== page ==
Shuffle a given array

Given an array, write a program to generate a random permutation of array elements. This question is also asked as “shuffle a deck of cards” or “randomize a given array”.

Let the given array be arr[]. A simple solution is to create an auxiliary array temp[] which is initially a copy of arr[]. Randomly select an element from temp[], copy the randomly selected element to arr[0] and remove the selected element from temp[]. Repeat the same process n times and keep copying elements to arr[1], arr[2], … . The time complexity of this solution will be O(n^2).

Fisher–Yates shuffle Algorithm works in O(n) time complexity. The assumption here is, we are given a function rand() that generates random number in O(1) time.
The idea is to start from the last element, swap it with a randomly selected element from the whole array (including last). Now consider the array from 0 to n-2 (size reduced by 1), and repeat the process till we hit the first element.

Following is the detailed algorithm

To shuffle an array a of n elements (indices 0..n-1):
  for i from n - 1 downto 1 do
       j = random integer with 0 <= j <= i
       exchange a[j] and a[i]

Following is C++ implementation of this algorithm.

// C Program to shuffle a given array

#include <stdio.h>
#include <stdlib.h>
#include <time.h>

// A utility function to swap to integers
void swap (int *a, int *b)
    int temp = *a;
    *a = *b;
    *b = temp;

// A utility function to print an array
void printArray (int arr[], int n)
    for (int i = 0; i < n; i++)
        printf("%d ", arr[i]);

// A function to generate a random permutation of arr[]
void randomize ( int arr[], int n )
    // Use a different seed value so that we don't get same
    // result each time we run this program
    srand ( time(NULL) );

    // Start from the last element and swap one by one. We don't
    // need to run for the first element that's why i > 0
    for (int i = n-1; i > 0; i--)
        // Pick a random index from 0 to i
        int j = rand() % (i+1);

        // Swap arr[i] with the element at random index
        swap(&arr[i], &arr[j]);

// Driver program to test above function.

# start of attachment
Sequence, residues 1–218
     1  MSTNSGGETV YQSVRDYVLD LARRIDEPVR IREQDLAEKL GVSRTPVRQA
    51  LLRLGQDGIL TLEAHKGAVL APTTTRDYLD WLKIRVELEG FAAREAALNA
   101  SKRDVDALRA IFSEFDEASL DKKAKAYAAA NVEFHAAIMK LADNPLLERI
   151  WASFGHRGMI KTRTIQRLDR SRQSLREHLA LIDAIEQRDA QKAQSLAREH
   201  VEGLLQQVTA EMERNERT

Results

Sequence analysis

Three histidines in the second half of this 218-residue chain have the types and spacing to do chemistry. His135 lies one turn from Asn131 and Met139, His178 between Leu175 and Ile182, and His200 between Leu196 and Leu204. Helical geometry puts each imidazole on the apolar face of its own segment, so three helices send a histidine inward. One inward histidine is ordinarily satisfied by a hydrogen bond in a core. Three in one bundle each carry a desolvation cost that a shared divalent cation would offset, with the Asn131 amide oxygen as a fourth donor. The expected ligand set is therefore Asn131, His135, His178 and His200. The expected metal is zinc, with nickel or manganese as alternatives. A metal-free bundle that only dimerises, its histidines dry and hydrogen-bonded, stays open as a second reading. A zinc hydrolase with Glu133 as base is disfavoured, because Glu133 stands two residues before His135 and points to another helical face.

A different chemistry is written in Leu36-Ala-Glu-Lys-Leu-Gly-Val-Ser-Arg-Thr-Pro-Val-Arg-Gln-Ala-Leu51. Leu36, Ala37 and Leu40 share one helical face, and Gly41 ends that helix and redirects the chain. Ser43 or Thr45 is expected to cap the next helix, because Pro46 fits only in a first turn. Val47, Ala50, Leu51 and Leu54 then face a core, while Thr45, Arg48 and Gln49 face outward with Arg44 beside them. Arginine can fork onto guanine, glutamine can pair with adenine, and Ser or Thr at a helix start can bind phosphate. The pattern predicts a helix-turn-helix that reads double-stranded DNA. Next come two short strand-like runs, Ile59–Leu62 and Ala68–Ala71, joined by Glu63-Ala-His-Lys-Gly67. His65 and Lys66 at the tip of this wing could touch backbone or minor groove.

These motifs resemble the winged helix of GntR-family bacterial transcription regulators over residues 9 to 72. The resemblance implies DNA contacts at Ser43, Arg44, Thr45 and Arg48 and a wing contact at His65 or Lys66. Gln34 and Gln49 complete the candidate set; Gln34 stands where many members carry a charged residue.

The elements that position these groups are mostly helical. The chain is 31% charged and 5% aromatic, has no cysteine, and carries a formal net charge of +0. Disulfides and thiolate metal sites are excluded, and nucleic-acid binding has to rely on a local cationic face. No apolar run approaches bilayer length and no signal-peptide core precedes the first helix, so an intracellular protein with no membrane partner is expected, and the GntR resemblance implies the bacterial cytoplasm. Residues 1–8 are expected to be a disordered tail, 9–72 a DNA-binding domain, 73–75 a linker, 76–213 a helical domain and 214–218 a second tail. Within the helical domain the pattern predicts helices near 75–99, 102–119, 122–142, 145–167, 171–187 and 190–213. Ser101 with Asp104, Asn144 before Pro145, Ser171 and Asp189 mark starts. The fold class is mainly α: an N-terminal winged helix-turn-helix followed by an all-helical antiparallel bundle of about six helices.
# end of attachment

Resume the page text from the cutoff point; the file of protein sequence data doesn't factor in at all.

int main()
    int arr[] = {1, 2, 3, 4, 5, 6, 7, 8};
    int n = sizeof(arr)/ sizeof(arr[0]);
    randomize (arr, n);
    printArray(arr, n);

    return 0;


7 8 4 6 3 1 2 5

The above function assumes that rand() generates a random number.

Time Complexity: O(n), assuming that the function rand() takes O(1) time.

How does this work?
The probability that ith element (including the last one) goes to last position is 1/n, because we randomly pick an element in first iteration.

The probability that ith element goes to second last position can be proved to be 1/n by dividing it in two cases.
Case 1: i = n-1 (index of last element):
The probability of last element going to second last position is = (probability that last element doesn't stay at its original position) x (probability that the index picked in previous step is picked again so that the last element is swapped)
So the probability = ((n-1)/n) x (1/(n-1)) = 1/n
Case 2: 0 < i < n-1 (index of non-last):
The probability of ith element going to second position = (probability that ith element is not picked in previous iteration) x (probability that ith element is picked in this iteration)
So the probability = ((n-1)/n) x (1/(n-1)) = 1/n

We can easily generalize above proof for any other position.

Please write comments if you find anything incorrect, or you want to share more information about the topic discussed above.

GATE CS Corner    Company Wise Coding Practice

Writing code in comment? Please use, generate link and share the link here.